The same mechanism can be used to create a network diagram, but the Nmap should check the whole IP space, and the scripts should access all of the devices, analyzing the directly connected subnets. Pairing the devices within the same subnets creates the baseline for the network diagram and should be extended with specific IPs and interface names.

Using this process, this list of devices was created in just five minutes (instead of the 45 minutes it took compiling it the manual way). Creating scripts to gather all of the data for the network diagram took around five more minutes, and the topology was built in approximately 25 minutes.

Using IP Fabric

Network discovery can be completed by a few tools that already exist, but so that you can understand the unique benefits of IP Fabric’s platform, let’s take a look at the tool’s incredibly easy setup and deployment process. To get started, all you need to do is enter the credentials IP Fabric will need to access the network devices, and supply a few other details for use during the discovery process.

IP Fabric— Setting the access credentials for device access

If you’d like, you can set additional parameters. We’re going to use these in our example:

  • Settings-Advanced-Discovery-IP networks to include — 0.0.0.0/0
  • Settings-Advanced-Discovery-IP networks to exclude — 10.0.0.0/8
  • Settings-Discovery Seed-Starting point 172.16.1.5

Once that’s done, hit the play, sit back, and watch IP Fabric get to work (example shown below).

IP Fabric — Discovery process

The entire process is automatic, without any interaction from you needed, and all data that IP Fabric generates is saved for further analysis and graphical presentation.

The first part of the results that you should check is the inventory list (shown below). Compare the list IP Fabric generated to the one you created manually, to see if any differences exist. Many users are amazed after they end up seeing results on the IP Fabric list that escaped their eye when they were building up the list manually.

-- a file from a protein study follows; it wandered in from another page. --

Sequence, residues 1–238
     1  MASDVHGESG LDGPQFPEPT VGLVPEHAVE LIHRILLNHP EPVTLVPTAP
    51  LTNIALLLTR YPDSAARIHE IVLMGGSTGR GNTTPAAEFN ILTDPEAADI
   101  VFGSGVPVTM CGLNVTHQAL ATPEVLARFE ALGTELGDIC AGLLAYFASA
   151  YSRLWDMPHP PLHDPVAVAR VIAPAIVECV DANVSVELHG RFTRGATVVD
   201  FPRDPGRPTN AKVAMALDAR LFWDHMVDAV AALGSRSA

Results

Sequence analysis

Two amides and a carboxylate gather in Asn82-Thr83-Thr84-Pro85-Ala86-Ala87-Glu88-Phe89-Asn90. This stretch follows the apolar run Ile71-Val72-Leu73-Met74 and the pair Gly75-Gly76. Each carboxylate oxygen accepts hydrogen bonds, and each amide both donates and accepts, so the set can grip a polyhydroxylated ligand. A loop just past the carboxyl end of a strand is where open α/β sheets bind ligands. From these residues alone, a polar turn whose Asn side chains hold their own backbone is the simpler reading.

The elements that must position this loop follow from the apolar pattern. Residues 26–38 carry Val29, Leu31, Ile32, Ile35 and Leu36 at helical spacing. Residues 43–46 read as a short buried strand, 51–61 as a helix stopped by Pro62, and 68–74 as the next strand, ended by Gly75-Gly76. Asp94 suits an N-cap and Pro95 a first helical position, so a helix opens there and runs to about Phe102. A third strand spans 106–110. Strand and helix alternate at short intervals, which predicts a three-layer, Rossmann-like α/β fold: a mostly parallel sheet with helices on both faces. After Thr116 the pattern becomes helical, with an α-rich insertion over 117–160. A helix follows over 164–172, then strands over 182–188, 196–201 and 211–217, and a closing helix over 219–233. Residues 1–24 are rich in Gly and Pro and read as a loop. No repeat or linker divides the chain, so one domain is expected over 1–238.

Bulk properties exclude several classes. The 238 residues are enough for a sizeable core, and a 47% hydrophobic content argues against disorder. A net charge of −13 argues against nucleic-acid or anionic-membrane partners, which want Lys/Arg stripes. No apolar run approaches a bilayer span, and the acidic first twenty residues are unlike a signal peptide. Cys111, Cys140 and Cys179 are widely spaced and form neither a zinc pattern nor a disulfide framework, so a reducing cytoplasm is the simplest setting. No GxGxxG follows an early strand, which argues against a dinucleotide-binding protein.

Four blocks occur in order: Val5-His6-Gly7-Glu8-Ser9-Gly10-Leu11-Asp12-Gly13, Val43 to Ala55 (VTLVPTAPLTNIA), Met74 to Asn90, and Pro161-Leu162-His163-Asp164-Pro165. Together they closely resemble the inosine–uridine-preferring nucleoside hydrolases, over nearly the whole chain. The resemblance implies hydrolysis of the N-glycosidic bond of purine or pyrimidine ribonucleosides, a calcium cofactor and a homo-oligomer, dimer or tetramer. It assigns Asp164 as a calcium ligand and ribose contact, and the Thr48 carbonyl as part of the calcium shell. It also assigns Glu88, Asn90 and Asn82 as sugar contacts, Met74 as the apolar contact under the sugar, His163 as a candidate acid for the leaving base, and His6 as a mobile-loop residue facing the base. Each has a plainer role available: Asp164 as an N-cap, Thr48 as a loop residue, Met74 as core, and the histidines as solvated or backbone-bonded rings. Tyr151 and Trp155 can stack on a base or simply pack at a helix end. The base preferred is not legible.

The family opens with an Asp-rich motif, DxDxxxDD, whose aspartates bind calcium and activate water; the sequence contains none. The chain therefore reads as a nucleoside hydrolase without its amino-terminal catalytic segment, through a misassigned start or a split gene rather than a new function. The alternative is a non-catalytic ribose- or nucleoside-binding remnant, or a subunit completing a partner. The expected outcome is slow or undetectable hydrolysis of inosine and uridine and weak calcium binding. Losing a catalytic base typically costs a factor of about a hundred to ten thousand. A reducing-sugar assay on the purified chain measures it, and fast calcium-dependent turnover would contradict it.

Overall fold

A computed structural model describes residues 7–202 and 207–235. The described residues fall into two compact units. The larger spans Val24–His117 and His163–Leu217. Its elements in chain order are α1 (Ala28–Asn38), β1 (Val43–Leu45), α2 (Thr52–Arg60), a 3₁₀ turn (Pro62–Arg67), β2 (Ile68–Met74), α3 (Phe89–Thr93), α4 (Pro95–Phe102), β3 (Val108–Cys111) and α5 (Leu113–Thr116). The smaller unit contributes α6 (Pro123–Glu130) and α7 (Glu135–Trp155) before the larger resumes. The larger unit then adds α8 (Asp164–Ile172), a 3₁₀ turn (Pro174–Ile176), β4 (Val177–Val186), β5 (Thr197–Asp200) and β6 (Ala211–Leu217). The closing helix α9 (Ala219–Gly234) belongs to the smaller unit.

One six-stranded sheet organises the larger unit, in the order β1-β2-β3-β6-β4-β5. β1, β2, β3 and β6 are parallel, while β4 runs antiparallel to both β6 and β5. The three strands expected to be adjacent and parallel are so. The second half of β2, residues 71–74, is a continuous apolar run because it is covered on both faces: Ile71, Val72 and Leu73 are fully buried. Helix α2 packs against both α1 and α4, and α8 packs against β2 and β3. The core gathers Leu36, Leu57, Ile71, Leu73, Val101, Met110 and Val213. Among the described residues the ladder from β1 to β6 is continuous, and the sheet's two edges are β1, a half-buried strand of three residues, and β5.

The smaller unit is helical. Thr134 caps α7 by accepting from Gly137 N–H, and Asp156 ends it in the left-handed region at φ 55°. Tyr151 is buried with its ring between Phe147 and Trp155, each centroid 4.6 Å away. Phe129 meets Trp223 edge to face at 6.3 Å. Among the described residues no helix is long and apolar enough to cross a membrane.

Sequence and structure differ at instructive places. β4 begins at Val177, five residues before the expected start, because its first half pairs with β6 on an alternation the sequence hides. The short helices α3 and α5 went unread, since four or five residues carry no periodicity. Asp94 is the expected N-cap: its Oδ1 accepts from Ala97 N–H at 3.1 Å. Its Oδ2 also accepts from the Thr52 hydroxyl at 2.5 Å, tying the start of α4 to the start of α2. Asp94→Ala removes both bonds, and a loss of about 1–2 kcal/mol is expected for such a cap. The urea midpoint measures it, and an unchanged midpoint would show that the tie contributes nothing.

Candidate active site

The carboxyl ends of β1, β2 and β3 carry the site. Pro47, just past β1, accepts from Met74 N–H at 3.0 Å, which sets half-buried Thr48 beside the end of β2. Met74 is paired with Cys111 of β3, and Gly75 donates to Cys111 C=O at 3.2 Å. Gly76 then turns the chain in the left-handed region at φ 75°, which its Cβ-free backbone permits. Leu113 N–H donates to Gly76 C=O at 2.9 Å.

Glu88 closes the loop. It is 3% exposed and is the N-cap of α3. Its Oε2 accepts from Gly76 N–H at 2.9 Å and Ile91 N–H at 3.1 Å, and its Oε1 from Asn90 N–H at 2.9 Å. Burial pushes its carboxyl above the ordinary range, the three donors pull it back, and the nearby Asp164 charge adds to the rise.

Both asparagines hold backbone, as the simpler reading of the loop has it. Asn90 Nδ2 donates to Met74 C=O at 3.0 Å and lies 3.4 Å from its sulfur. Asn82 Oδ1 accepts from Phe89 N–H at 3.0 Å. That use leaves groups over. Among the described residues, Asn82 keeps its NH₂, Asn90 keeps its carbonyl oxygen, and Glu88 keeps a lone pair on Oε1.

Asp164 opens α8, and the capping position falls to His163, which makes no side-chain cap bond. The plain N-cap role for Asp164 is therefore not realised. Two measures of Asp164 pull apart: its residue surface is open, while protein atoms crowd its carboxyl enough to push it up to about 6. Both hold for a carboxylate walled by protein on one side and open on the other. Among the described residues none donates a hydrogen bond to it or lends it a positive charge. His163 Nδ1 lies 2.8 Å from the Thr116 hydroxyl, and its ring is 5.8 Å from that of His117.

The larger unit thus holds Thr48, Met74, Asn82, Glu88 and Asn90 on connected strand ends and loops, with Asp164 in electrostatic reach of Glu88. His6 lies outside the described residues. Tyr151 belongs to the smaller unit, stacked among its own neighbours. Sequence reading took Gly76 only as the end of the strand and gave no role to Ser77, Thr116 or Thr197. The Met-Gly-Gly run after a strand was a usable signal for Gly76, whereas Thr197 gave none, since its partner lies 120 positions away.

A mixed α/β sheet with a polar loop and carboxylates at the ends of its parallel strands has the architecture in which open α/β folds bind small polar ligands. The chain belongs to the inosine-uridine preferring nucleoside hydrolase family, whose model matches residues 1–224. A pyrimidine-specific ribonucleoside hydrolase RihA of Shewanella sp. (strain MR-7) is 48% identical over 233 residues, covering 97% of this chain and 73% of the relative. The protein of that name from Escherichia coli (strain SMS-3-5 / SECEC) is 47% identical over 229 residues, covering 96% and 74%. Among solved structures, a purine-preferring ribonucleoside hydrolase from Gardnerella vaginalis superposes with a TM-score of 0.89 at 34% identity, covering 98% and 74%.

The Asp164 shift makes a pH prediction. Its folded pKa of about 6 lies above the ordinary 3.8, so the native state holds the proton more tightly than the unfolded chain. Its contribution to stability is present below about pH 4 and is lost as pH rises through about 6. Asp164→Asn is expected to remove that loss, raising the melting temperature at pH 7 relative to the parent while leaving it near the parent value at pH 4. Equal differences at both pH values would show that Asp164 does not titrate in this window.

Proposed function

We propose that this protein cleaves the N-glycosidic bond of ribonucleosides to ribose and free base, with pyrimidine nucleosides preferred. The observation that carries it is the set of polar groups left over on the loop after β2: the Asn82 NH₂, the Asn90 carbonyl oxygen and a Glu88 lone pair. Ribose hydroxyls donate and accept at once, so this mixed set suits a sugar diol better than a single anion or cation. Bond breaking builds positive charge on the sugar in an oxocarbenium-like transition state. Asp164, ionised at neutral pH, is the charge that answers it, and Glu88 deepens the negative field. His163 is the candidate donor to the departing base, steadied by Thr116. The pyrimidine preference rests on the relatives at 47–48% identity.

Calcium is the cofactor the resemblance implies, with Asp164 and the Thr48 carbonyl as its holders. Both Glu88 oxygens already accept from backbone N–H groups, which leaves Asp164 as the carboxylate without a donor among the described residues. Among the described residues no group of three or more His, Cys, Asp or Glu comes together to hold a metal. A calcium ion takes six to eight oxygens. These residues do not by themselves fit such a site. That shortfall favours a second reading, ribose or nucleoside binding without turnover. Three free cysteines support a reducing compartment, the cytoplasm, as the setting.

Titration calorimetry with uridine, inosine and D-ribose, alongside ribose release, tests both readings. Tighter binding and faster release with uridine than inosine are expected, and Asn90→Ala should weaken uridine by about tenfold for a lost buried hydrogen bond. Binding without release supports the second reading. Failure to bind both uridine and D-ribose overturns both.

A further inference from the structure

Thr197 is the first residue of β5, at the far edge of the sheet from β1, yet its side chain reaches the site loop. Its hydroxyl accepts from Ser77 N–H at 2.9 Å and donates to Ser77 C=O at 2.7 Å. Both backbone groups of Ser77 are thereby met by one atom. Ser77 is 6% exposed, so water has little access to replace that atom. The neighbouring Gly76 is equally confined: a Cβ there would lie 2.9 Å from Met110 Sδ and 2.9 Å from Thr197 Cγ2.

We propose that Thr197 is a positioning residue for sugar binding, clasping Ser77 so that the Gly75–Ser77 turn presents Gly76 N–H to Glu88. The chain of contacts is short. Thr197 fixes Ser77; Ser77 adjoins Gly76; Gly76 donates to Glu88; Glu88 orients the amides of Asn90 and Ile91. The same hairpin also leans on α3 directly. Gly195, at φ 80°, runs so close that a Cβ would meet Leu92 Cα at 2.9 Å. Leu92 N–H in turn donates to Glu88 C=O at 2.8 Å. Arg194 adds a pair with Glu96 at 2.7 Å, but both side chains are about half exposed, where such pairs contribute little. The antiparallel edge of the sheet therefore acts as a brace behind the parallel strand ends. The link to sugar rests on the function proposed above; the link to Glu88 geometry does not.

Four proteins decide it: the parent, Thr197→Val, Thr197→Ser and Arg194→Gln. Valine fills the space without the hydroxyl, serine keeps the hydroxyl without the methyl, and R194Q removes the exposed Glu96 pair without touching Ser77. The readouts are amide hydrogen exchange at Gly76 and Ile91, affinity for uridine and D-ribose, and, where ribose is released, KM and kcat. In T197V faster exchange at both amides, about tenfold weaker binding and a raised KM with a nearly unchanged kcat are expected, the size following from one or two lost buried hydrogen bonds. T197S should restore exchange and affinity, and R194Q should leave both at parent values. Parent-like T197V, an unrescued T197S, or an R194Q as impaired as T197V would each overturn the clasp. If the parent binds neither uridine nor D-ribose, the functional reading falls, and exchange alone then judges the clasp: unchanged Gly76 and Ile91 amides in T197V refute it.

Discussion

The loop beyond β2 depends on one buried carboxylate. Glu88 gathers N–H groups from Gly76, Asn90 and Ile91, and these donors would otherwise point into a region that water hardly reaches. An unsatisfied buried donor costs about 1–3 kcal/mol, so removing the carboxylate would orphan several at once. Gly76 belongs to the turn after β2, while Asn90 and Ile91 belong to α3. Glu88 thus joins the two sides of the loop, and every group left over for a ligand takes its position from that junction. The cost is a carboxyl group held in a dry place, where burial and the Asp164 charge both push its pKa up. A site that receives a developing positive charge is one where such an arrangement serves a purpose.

IP Fabric — Inventory list

As you can see, the list shows a significant amount of network device details, including vendor information, management IP address, software version, and even additional information like uptime, memory usage, etc. Not only does this help us validate our assumptions, but it provides additional helpful information, which helps expand our knowledge base.

Network Diagram Graphics

The next part of IP Fabric’s results that you should check is the network diagram graphic (shown below).

IP Fabric — the network diagram (default view)

The diagram visually groups the devices based on site name (the site naming convention can be adjusted in the discovery settings with regexp string). It’s not a diagram of the practical look of the network, but IP Fabric offers ways of modifying the diagram by clicking the cloud images, hiding site boundaries, showing (or hiding) the L2/L3 connections, etc. With these features, you can use IP Fabric to create a diagram closer to the real topology, like the one shown below.

IP Fabric — the network diagram (adjusted view)

Now that we’ve covered how quick and easy it is to deploy and use IP Fabric, making it the obvious choice when discovering unknown networks, you’re ready to try it out for yourself.

Lastly, we’re going to delve into more great ways that IP Fabric can help simplify your work life, so keep an eye out for more parts of this series.

If you’re interested in learning more about how IP Fabric’s platform can help you with analytics or intended network behavior reporting, contact us through our website, request a demo, follow this blog or sign up for our webinars.